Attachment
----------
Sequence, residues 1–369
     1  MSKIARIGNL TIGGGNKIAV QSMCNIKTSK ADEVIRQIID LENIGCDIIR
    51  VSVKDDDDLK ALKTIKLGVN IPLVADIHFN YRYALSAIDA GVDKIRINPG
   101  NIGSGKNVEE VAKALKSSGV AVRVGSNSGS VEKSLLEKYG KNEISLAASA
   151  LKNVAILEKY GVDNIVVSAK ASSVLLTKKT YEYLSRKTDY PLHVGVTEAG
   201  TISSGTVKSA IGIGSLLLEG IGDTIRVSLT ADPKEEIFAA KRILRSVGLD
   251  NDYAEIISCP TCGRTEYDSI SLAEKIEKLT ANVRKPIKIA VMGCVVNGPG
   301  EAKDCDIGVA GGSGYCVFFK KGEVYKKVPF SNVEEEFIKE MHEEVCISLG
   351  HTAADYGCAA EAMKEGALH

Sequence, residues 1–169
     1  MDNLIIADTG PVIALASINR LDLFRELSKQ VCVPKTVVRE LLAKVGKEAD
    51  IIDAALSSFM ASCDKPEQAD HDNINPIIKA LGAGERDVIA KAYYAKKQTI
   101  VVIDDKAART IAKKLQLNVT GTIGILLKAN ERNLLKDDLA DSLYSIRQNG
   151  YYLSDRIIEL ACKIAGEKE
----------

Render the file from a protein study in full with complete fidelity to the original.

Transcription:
Sequence, residues 1–369
     1  MSKIARIGNL TIGGGNKIAV QSMCNIKTSK ADEVIRQIID LENIGCDIIR
    51  VSVKDDDDLK ALKTIKLGVN IPLVADIHFN YRYALSAIDA GVDKIRINPG
   101  NIGSGKNVEE VAKALKSSGV AVRVGSNSGS VEKSLLEKYG KNEISLAASA
   151  LKNVAILEKY GVDNIVVSAK ASSVLLTKKT YEYLSRKTDY PLHVGVTEAG
   201  TISSGTVKSA IGIGSLLLEG IGDTIRVSLT ADPKEEIFAA KRILRSVGLD
   251  NDYAEIISCP TCGRTEYDSI SLAEKIEKLT ANVRKPIKIA VMGCVVNGPG
   301  EAKDCDIGVA GGSGYCVFFK KGEVYKKVPF SNVEEEFIKE MHEEVCISLG
   351  HTAADYGCAA EAMKEGALH

Sequence, residues 1–169
     1  MDNLIIADTG PVIALASINR LDLFRELSKQ VCVPKTVVRE LLAKVGKEAD
    51  IIDAALSSFM ASCDKPEQAD HDNINPIIKA LGAGERDVIA KAYYAKKQTI
   101  VVIDDKAART IAKKLQLNVT GTIGILLKAN ERNLLKDDLA DSLYSIRQNG
   151  YYLSDRIIEL ACKIAGEKE